Importance of welfare and ethics competence regarding animals kept for scientific purposes to veterinary students in Australia and New Zealand

Teresa Collins, Amelia Cornish, Jennifer Hood, Chris Degeling, Andrew D. Fisher, Rafael Freire, Susan J. Hazel, Jane Johnson, Janice K.F. Lloyd, Clive J. Phillips, Vicky Tzioumis, Paul D. McGreevy

Research output: Contribution to journalArticle

Abstract

Veterinarians are in a strong position of social influence on animal-related issues. Hence, veterinary schools have an opportunity to raise animal health and welfare standards by improving veterinary students' animal welfare and ethics (AWE) education, including that related to animals used for scientific purposes. A survey of 818 students in the early, mid, and senior stages of their courses at all eight veterinary schools across Australia and New Zealand was undertaken on their first day of practice (or Day One Competences) to explore how veterinary students viewed the importance of their competence in the management of welfare and ethical decision-making relating to animals kept for scientific purposes. From highest to lowest, the rankings they assigned were: Animal Ethics Committee (AEC) Procedures or Requirements; 3Rs (Replacement, Refinement and Reduction); Humane Endpoints; Euthanasia; "What Is a Research Animal?" and Conscientious Objections. Female students rated Conscientious Objections, Humane Endpoints, and Euthanasia significantly higher than male students did across the three stages of study. The score patterns for these three variates showed a trend for the male students to be more likely to score these topics as extremely important as they advanced through the course, but female students' scores tended to decline slightly or stay relatively stable. No gender differences emerged for the three variates: 3Rs (Replacement, Refinement and Reduction); AEC Procedures or Requirements; and "What Is a Research Animal?". This study demonstrates that understandings of the regulatory and normative frameworks are considered most important in animal welfare and ethics competence in veterinary students. To the authors' knowledge, this is the first study to investigate what importance veterinary students place on their competence regarding animals kept for scientific purposes.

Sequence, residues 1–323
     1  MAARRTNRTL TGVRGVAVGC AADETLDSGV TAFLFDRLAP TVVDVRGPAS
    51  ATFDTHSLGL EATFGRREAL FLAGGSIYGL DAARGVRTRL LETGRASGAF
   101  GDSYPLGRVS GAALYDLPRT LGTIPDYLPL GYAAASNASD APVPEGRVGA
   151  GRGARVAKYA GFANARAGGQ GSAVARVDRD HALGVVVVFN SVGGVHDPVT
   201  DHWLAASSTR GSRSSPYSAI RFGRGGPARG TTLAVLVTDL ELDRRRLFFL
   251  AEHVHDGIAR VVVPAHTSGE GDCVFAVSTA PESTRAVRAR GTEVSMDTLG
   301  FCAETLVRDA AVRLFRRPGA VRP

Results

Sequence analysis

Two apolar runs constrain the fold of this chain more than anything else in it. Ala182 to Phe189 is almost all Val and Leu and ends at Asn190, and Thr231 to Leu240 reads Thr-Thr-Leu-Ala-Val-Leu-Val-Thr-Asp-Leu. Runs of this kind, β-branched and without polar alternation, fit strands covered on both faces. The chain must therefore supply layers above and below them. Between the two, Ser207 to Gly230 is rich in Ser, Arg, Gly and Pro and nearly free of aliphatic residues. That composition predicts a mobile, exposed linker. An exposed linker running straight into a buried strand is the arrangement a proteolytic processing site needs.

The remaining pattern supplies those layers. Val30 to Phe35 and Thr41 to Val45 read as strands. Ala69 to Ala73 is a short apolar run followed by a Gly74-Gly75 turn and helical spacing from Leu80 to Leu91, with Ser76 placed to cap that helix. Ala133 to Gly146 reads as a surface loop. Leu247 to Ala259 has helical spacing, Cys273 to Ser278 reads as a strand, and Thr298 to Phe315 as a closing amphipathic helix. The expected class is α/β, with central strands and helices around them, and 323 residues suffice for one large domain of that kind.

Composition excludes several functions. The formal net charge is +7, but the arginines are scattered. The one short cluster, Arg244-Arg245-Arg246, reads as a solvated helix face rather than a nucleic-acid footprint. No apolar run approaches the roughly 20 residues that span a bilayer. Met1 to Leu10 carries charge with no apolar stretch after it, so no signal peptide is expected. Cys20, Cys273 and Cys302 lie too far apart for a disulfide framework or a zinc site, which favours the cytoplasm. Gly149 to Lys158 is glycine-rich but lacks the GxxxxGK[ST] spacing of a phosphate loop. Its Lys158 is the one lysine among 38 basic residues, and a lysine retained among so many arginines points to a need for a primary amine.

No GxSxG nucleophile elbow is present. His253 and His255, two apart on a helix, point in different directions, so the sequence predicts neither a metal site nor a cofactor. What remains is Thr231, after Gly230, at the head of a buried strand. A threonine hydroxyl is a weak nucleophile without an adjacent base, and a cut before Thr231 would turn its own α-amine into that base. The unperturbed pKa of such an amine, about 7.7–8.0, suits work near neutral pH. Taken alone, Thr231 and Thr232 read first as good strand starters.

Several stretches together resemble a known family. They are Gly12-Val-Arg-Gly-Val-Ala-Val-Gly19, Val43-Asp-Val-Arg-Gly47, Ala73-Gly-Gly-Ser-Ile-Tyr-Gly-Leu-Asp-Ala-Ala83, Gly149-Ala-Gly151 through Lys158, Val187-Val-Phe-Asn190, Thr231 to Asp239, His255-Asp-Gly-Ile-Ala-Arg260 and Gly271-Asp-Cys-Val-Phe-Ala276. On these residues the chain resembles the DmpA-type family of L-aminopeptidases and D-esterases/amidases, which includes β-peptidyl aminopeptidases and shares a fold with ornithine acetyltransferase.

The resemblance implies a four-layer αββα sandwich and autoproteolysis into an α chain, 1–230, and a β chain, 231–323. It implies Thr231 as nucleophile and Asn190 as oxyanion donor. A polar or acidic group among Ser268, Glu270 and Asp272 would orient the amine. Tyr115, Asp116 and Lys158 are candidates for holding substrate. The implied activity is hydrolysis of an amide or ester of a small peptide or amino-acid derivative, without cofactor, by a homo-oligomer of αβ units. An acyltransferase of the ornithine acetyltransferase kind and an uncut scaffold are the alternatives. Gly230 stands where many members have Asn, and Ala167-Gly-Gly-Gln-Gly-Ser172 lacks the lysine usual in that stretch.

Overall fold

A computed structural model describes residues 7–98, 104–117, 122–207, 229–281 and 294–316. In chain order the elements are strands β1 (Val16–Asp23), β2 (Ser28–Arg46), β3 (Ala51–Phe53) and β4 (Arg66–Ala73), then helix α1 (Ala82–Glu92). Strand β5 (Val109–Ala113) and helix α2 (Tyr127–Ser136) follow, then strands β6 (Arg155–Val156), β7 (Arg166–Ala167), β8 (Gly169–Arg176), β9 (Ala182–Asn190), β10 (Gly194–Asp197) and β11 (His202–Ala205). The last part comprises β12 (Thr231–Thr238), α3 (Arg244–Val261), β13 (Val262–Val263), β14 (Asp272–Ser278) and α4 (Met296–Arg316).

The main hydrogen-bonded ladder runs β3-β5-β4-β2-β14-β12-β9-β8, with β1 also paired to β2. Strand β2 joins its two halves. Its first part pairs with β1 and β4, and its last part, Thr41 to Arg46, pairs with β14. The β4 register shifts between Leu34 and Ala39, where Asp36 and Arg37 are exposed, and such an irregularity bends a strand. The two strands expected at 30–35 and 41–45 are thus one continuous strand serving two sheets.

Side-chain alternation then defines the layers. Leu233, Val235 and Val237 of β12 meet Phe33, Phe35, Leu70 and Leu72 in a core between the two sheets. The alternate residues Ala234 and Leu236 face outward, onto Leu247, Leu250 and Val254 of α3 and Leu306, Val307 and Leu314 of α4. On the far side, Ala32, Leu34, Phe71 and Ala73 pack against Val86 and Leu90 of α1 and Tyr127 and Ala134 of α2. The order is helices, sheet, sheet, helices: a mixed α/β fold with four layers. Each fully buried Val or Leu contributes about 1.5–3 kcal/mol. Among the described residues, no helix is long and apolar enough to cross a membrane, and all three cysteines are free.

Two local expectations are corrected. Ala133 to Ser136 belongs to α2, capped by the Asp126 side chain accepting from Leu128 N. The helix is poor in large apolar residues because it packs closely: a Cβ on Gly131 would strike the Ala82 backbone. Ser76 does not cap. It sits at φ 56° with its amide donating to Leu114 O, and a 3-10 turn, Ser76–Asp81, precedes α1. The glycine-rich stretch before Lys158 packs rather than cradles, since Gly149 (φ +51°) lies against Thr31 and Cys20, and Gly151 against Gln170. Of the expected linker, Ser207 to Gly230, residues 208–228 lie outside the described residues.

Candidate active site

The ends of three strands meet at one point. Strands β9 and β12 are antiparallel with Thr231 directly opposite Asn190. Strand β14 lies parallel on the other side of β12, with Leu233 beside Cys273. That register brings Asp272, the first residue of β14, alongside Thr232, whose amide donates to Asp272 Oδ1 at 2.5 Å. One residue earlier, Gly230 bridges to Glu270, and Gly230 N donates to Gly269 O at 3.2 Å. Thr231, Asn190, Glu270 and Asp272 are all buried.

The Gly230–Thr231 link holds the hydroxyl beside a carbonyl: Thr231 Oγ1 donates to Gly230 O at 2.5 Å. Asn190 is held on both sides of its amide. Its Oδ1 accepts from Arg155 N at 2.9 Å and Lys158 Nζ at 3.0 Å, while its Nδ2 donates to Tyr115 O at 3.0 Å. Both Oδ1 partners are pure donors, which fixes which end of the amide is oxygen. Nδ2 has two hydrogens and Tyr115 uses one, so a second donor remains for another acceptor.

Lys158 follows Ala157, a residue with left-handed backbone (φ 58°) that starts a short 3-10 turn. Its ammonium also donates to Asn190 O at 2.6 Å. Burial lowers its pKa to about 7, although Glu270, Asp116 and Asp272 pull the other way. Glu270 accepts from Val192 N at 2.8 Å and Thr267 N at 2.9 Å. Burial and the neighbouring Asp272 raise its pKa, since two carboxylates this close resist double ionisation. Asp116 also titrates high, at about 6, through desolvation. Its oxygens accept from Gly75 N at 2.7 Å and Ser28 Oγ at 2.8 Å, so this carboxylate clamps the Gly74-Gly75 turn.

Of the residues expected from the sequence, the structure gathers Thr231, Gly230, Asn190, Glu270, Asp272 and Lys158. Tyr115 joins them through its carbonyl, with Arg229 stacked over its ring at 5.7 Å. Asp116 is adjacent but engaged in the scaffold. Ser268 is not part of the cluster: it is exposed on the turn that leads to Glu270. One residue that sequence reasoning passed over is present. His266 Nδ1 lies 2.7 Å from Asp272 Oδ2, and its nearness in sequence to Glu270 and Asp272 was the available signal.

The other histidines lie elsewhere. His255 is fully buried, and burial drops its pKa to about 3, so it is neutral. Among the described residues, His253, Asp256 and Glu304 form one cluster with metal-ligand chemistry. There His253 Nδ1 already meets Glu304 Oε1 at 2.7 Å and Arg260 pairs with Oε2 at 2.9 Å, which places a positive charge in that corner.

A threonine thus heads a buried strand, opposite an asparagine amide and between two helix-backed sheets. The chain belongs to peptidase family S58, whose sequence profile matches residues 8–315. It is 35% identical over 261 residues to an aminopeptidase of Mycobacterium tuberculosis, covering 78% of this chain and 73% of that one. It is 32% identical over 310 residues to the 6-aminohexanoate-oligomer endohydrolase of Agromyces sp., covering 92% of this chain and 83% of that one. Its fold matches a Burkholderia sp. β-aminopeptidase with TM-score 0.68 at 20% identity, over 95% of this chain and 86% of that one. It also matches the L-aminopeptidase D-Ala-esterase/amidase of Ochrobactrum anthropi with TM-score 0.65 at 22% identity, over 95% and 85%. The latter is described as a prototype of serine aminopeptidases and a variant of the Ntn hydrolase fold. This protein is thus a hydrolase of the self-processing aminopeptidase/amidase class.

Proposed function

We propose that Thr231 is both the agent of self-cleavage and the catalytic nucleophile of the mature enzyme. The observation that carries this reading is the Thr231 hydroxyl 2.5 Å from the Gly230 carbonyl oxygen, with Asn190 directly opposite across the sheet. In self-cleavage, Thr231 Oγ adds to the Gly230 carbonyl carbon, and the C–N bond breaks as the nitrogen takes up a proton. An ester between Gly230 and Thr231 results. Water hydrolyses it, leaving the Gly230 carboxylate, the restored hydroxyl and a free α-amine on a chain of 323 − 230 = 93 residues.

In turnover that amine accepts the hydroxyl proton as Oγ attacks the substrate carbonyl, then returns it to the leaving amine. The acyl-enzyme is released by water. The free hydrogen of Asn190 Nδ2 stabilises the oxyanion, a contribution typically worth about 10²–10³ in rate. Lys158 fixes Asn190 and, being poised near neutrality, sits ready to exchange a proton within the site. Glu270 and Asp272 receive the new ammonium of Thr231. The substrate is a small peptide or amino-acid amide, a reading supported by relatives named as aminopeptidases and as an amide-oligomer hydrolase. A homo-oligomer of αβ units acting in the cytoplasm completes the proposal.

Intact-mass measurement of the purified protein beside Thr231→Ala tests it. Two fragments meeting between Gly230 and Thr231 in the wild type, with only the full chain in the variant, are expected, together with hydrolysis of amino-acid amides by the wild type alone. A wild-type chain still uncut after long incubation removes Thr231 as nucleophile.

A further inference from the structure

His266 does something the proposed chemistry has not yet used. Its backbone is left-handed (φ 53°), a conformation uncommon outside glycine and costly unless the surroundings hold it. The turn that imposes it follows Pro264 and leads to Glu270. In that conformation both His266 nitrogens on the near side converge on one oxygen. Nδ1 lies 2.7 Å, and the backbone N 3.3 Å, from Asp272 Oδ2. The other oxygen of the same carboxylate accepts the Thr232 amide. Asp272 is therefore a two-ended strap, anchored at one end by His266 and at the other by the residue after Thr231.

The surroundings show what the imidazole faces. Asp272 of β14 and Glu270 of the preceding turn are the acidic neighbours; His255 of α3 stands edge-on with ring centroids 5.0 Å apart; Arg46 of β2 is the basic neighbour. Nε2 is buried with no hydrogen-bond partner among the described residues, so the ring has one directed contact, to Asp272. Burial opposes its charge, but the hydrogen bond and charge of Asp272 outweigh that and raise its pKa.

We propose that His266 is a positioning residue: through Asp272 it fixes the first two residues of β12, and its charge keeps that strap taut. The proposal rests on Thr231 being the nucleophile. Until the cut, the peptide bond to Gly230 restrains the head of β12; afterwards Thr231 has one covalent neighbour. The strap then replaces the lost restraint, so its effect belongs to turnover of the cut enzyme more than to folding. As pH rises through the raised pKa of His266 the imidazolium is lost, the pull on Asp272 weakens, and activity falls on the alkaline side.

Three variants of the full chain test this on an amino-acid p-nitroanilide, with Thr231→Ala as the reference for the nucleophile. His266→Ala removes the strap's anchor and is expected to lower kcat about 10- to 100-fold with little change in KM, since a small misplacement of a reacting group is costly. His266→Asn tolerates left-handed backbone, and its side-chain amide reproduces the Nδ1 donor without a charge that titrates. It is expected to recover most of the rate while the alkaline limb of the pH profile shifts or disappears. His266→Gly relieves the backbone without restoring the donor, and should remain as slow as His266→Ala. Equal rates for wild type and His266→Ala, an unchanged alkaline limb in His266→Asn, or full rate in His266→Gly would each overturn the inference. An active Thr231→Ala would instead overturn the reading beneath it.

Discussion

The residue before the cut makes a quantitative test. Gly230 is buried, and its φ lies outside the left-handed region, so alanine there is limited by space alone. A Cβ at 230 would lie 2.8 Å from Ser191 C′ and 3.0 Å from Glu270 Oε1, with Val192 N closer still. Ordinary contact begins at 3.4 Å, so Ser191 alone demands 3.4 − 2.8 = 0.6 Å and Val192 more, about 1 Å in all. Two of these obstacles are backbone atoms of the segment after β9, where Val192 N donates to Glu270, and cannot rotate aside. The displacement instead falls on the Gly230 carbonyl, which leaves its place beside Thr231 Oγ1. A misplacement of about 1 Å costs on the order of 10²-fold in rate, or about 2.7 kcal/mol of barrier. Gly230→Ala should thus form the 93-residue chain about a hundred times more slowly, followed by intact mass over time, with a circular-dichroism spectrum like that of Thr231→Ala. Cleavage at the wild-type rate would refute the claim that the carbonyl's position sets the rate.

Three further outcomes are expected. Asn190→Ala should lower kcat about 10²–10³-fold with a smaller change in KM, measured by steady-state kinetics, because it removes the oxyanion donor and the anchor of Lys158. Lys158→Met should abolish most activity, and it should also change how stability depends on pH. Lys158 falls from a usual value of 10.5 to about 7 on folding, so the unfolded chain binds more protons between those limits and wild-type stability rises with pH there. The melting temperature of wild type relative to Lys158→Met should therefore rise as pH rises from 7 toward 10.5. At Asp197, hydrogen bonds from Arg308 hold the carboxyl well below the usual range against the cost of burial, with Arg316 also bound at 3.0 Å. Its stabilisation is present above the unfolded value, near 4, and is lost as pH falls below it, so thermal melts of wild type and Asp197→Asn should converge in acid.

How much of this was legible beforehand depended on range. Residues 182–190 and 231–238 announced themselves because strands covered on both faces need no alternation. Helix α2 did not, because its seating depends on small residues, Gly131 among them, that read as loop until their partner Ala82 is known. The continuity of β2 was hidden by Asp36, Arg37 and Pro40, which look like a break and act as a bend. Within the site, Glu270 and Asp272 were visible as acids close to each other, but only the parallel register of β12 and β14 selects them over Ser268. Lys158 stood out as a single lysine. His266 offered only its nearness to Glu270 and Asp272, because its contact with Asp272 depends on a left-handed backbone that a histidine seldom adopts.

Original languageEnglish
Article number66
Pages (from-to)1-14
Number of pages14
JournalVeterinary Sciences
Volume5
Issue number3
Early online date14 Jul 2018
DOIs
Publication statusPublished - 01 Sep 2018

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ethics
New Zealand
Ethics
Mental Competency
veterinarians
Students
students
humane endpoints
animal welfare
Animal Welfare
animals
euthanasia
Veterinary Schools
Animal Care Committees
committees
laboratory animals
Euthanasia
animal health
gender differences
decision making

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Collins, Teresa ; Cornish, Amelia ; Hood, Jennifer ; Degeling, Chris ; Fisher, Andrew D. ; Freire, Rafael ; Hazel, Susan J. ; Johnson, Jane ; Lloyd, Janice K.F. ; Phillips, Clive J. ; Tzioumis, Vicky ; McGreevy, Paul D. / Importance of welfare and ethics competence regarding animals kept for scientific purposes to veterinary students in Australia and New Zealand. In: Veterinary Sciences. 2018 ; Vol. 5, No. 3. pp. 1-14.
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Collins, T, Cornish, A, Hood, J, Degeling, C, Fisher, AD, Freire, R, Hazel, SJ, Johnson, J, Lloyd, JKF, Phillips, CJ, Tzioumis, V & McGreevy, PD 2018, 'Importance of welfare and ethics competence regarding animals kept for scientific purposes to veterinary students in Australia and New Zealand', Veterinary Sciences, vol. 5, no. 3, 66, pp. 1-14. https://doi.org/10.3390/vetsci5030066

Importance of welfare and ethics competence regarding animals kept for scientific purposes to veterinary students in Australia and New Zealand. / Collins, Teresa; Cornish, Amelia; Hood, Jennifer; Degeling, Chris; Fisher, Andrew D.; Freire, Rafael; Hazel, Susan J.; Johnson, Jane; Lloyd, Janice K.F.; Phillips, Clive J.; Tzioumis, Vicky; McGreevy, Paul D.

In: Veterinary Sciences, Vol. 5, No. 3, 66, 01.09.2018, p. 1-14.

Research output: Contribution to journalArticle

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